10 user 38 critic

Yoo-Hoo, Mrs. Goldberg (2009)

Unrated | | Documentary, Biography | 10 July 2009 (USA)
2:08 | Trailer

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The story of the actress, writer, and broadcasting pioneer Gertrude Berg.


Aviva Kempner
1 win. See more awards »



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Credited cast:
Gertrude Berg ... Herself / Molly Goldberg (archive footage)
Lewis Berg Lewis Berg ... Himself (archive footage)
Sara Chase ... Laura (voice)
Ruth Bader Ginsburg ... Herself
Viola Harris Viola Harris ... Herself
Norman Lear ... Himself
Madeline Lee Madeline Lee ... Herself (as Madeline Guilford)
Arlene McQuade Arlene McQuade ... Herself
Margaret Nagle ... Herself
Susan Stamberg ... Herself
Betty Walker Betty Walker ... Mrs. Bertha Kramer (archive footage)
Roberta Wallach ... Effie (voice)
Molly Yeselson Molly Yeselson ... Herself (Bonus Features)


A documentary on television pioneer Gertrude Berg. She was the creator, principal writer, and star of "The Goldbergs," a popular radio show for 17 years, which became television's very first character-driven domestic sitcom in 1949. Berg received the first Best Actress Emmy in history, and paved the way for women in the entertainment industry. Written by Aviva Kempner

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"The Most Famous Woman in America You've Never Heard Of"




Official Sites:

Official site





Release Date:

10 July 2009 (USA) See more »

Filming Locations:

New York City, New York, USA See more »


Box Office

Opening Weekend USA:

$19,302, 12 July 2009, Limited Release

Gross USA:

$1,133,662, 1 January 2010
See more on IMDbPro »

Company Credits

Production Co:

Ciesla Foundation See more »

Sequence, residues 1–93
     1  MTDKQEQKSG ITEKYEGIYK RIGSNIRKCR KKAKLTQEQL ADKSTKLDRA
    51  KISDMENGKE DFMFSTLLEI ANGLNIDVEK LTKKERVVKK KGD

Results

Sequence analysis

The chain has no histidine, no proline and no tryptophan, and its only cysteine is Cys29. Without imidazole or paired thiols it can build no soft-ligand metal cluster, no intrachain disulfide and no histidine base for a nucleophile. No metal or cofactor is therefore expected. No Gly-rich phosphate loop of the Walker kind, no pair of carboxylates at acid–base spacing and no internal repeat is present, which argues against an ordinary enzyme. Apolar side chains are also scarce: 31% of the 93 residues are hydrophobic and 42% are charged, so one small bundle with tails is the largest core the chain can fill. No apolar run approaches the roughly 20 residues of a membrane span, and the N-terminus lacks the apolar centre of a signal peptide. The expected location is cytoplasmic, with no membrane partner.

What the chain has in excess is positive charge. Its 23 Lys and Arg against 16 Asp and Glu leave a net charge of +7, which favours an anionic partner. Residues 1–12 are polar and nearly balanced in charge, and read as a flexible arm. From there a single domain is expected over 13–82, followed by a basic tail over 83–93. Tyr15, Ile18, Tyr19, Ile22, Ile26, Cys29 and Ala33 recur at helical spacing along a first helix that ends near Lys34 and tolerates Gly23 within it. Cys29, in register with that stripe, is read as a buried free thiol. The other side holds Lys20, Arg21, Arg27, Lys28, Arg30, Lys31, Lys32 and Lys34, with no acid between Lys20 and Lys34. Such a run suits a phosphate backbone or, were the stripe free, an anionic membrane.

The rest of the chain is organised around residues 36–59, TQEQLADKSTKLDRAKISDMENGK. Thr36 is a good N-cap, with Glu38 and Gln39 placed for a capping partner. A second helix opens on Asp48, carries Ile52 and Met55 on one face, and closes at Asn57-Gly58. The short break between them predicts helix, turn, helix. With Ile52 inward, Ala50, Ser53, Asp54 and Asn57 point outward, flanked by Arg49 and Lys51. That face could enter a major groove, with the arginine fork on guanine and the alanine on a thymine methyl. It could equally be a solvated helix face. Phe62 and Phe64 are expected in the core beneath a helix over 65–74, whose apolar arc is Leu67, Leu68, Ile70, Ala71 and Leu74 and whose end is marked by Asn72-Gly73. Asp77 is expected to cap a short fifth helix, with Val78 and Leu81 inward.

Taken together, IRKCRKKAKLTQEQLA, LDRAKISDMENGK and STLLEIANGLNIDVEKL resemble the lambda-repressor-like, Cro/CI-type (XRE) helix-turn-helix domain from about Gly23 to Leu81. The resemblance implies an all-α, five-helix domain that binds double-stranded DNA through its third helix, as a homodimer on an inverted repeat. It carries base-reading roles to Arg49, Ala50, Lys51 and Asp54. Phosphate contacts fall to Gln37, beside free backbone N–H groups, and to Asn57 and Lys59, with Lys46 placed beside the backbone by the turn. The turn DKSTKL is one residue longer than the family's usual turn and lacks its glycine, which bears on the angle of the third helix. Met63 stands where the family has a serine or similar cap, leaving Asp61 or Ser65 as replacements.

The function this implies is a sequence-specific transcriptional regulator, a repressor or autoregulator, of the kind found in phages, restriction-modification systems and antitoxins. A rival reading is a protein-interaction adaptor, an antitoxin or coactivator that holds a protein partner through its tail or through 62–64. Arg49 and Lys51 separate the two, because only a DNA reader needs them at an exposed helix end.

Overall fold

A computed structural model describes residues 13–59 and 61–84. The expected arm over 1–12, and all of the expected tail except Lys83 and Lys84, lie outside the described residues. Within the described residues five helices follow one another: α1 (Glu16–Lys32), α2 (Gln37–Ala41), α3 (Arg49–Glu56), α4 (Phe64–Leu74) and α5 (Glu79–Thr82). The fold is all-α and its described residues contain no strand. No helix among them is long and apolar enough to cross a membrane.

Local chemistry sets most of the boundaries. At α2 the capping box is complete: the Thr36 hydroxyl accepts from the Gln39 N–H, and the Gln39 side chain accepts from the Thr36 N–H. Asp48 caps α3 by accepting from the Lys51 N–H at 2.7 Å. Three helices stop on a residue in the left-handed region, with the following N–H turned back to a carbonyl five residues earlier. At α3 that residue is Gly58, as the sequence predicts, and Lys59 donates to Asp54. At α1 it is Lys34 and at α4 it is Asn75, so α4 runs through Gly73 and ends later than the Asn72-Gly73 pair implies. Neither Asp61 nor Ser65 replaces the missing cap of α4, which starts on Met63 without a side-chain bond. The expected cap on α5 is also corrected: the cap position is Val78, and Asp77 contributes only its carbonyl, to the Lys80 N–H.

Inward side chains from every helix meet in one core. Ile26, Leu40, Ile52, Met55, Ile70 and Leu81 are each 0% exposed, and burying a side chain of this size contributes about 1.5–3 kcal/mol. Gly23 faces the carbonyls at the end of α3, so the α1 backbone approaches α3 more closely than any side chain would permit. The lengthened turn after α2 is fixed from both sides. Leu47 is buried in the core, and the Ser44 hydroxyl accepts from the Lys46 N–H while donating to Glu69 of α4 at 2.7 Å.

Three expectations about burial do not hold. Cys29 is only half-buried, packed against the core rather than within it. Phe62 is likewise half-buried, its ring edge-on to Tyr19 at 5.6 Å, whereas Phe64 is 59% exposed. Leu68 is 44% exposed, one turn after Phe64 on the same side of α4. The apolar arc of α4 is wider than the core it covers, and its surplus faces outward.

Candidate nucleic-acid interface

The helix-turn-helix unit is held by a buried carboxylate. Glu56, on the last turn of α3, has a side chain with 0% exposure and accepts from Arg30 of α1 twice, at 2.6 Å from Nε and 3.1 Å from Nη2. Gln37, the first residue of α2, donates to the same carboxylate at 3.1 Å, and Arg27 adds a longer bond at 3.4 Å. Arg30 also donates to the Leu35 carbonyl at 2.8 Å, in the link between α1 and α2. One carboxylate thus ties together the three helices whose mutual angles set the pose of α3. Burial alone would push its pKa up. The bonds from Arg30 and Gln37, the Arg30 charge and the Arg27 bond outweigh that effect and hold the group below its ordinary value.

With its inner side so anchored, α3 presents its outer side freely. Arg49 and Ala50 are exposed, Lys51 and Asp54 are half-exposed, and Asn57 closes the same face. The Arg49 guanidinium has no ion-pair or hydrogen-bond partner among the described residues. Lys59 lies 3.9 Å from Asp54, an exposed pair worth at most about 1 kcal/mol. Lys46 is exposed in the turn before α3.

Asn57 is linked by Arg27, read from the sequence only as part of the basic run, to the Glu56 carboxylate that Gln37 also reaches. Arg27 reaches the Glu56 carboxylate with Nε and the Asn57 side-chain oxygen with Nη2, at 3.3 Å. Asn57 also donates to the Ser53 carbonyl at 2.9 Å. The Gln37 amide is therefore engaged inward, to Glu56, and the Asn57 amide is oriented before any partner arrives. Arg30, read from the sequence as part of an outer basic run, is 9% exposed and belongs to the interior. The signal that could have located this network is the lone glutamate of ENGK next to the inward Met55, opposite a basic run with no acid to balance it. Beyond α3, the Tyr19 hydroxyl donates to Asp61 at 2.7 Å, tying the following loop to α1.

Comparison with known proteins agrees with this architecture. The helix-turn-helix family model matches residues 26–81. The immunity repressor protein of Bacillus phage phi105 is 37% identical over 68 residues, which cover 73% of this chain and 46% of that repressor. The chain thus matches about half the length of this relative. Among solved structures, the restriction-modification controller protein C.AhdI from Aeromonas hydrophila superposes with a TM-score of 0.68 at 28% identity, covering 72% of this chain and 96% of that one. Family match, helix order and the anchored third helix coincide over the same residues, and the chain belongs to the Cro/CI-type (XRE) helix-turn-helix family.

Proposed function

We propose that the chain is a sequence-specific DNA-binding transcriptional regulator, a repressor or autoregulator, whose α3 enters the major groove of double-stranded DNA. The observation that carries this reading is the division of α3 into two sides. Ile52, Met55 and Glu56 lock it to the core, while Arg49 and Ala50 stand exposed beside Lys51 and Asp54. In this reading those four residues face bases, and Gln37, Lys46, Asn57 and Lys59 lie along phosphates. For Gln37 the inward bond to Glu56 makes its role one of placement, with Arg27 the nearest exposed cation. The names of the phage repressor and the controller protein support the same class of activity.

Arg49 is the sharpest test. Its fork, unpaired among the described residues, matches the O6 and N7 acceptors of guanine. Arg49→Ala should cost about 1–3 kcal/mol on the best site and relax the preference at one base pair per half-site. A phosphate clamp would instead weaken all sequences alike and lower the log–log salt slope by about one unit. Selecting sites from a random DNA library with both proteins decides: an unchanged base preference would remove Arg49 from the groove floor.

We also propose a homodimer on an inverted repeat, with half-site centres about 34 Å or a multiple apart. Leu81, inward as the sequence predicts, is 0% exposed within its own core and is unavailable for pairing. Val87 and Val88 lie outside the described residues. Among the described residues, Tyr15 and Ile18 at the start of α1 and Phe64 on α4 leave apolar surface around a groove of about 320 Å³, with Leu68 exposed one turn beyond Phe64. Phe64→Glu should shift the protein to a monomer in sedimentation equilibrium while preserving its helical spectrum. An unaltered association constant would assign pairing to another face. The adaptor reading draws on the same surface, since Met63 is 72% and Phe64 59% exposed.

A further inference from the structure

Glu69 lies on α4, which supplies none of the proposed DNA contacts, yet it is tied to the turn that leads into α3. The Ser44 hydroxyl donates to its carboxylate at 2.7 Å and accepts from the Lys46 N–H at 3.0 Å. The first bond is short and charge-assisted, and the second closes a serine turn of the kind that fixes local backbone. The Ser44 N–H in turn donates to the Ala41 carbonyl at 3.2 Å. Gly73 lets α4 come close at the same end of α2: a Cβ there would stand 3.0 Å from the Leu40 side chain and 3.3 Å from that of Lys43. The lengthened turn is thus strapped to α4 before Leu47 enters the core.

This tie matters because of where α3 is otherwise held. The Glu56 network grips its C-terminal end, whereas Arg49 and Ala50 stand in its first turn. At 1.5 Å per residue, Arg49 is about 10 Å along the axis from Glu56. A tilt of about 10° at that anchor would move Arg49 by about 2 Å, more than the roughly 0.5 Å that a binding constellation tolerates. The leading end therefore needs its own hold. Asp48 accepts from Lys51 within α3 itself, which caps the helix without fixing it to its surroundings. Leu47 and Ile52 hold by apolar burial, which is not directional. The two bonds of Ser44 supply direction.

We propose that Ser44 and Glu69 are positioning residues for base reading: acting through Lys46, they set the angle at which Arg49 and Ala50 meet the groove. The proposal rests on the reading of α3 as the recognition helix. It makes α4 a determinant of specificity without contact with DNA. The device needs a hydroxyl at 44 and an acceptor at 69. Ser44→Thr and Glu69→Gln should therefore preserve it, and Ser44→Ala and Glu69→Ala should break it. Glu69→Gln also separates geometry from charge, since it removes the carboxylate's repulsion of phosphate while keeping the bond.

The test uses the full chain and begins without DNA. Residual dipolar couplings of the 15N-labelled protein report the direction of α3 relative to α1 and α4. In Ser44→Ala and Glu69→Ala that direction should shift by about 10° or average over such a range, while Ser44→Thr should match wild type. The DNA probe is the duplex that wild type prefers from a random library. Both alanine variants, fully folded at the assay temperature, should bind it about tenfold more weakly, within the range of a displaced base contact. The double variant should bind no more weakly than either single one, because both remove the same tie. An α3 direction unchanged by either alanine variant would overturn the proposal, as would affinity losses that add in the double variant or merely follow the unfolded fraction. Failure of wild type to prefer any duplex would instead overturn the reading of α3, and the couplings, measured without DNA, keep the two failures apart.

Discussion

Show more on IMDbPro »

Technical Specs

Sound Mix:

Dolby Digital

Aspect Ratio:

1.37 : 1
See full technical specs »

Did You Know?


Features Person to Person: Episode #1.36 (1954) See more »

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User Reviews

The contributions of an early pioneer
17 November 2010 | by Michael FargoSee all my reviews

The intense rush of nostalgia that Aviva Kempner's film floods the audience with is carefully interrupted with well-placed--though brief--darker sides of the facets of Gertrude Berg's extraordinarily unique life. For instance, we're shown the close relationship with her mother in earlier years, but later told a more troubling aspect which adds depth but never spoils Berg's optimism that was such a hallmark in her material.

This technique is constantly employed and keeps us engaged with one exception: The McCarthy era is given a longer sequence into how the Red Channel affected those in Berg's circle and brought shame to a country that ironically also provided opportunity to many mentioned in the film, many of whom were broken beyond repair by rumor and suspicion.

There's generous archival footage that covers the entirety of Berg's life, and reminds us of her contribution not only to early radio and television, but of a rare driven talent that can still touch us today. We're fortunate this film was made when it was since some of the original cast and friends and colleagues provide primary source material. This is a warm and loving portrait that also touches on difficulties most pioneers face.

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